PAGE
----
‘Significant’ mushroom-based supplement could prevent blood clots

British Heart Foundation: Understanding blood clots

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Certain supplements are vital when it comes to helping people stay healthy. Those who aren’t able to get enough vitamins through diet might need to take them in tablet form, for example. And some supplements can have multiple health benefits that protect against potentially dangerous conditions.

One expert recommended lion’s mane mushroom supplements as a way to regenerate nerves and prevent blood clots.

Also known as hericium erinaceus, lion’s mane grows native to North America, Europe and Asia.

It can be eaten in mushroom form, or taken as a tablet or powder supplement.

Jessie Jones, personal trainer and nutrition coach at OriGym, explained: “Lion’s mane is a hugely popular and significant supplement that’s getting more traction the more research is done.

“It’s a mushroom that has been seen to have hugely positive effects on nerve regeneration, mental wellbeing and even potentially dementia prevention.

“Lion’s mane has also been found by some studies to help with blood clots, asking as a blood thinner.”

However, she warned: “If you’re already on blood thinning medication this can lead to bruising and bleeding as the blood becomes too thin.”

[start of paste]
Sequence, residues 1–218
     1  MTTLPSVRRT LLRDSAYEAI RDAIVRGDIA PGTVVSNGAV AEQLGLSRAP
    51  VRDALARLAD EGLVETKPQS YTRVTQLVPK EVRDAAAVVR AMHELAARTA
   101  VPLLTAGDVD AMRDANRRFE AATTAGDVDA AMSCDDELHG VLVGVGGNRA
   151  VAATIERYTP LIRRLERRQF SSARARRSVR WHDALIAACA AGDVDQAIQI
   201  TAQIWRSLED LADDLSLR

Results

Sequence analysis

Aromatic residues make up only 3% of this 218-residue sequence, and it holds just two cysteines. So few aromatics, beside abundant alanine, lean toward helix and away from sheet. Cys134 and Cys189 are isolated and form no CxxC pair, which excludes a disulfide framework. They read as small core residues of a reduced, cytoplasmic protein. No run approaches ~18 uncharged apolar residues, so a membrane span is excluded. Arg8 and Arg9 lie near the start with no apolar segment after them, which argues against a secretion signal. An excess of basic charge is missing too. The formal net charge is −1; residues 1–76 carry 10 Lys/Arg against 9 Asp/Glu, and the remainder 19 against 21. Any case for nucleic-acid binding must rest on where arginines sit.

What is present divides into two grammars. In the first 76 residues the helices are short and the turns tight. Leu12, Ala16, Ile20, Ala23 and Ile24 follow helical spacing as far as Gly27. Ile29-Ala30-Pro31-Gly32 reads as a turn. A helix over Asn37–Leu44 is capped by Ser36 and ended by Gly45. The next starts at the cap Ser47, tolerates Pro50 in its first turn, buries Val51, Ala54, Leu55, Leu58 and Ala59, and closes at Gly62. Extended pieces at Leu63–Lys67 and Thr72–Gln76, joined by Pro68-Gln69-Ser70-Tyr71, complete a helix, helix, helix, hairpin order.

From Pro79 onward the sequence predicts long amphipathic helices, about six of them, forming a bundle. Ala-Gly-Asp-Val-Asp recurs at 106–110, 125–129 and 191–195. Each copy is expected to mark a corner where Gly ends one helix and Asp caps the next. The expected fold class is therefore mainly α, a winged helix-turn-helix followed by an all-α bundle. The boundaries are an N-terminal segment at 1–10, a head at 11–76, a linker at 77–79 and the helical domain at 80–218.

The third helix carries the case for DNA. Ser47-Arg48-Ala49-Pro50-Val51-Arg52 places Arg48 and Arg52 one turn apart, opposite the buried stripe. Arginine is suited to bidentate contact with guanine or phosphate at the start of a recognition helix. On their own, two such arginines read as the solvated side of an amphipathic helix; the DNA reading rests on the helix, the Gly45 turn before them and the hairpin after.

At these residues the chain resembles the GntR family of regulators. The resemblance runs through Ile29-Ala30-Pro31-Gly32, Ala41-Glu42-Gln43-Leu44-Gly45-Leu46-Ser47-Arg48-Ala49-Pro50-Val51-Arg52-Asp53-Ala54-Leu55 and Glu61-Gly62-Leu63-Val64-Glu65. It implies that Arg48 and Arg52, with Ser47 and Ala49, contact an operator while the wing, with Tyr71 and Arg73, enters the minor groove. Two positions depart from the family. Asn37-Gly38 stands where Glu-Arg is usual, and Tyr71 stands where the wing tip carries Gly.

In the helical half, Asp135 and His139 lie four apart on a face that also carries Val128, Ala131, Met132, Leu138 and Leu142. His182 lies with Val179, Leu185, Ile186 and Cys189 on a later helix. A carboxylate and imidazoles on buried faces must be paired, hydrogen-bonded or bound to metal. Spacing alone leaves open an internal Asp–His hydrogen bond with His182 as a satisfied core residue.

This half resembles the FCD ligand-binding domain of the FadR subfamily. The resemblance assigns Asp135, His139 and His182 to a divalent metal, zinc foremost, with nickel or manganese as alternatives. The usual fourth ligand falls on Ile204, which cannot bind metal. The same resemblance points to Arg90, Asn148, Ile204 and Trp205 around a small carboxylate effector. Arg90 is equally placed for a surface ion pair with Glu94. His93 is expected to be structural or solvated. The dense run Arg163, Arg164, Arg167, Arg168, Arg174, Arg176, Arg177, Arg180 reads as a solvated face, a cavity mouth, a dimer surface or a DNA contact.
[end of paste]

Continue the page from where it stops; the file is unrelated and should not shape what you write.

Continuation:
Blood clots

Blood clots are small clumps of blood that form a gel-like substance.

While clotting is necessary to prevent excessive bleeding, clots that don’t dissolve naturally can be dangerous.

This is because they can travel to vital organs and cause medical emergencies.

An example of this is when a clot blocks blood supply to the brain, leading to a stroke.

One study, published in Phytomedicine journal in 2010, found that hericenone B extract – taken from lion’s mane – could prevent platelet aggregation, which is when platelets join to form a clot.

It explained: “Platelet aggregation in the blood vessels causes thrombosis.

“Therefore, inhibitors of platelet aggregation promise to be preventive or therapeutic agents of various vascular diseases, including myocardial infarction and stroke.

“In the present study, we found that hericenone B had a strong anti-platelet activity and it might be a novel compound for antithrombotic therapy possessing a novel mechanism.”

It concluded that hericenone B “selectively inhibited collagen-induced platelet aggregation”.

Certain factors can increase your risk of a blood clot.

These include:

  • Being overweight
  • Having high blood pressure
  • Diabetes
  • Smoking
  • If you are using combined hormonal contraception
  • If you have had a blood clot before
  • If you are pregnant or have just had a baby
  • Having an inflammatory condition such as Crohn’s disease or rheumatoid arthritis.

According to the NHS, symptoms of a blood clot include:

Throbbing or cramping pain in a leg or arm
Sudden breathlessness, sharp chest pain (may be worse when you breathe in) and a cough or coughing up blood.

If you’re struggling to breathe or someone has passed out it is time to call 999 as it might be due to a pulmonary embolism.

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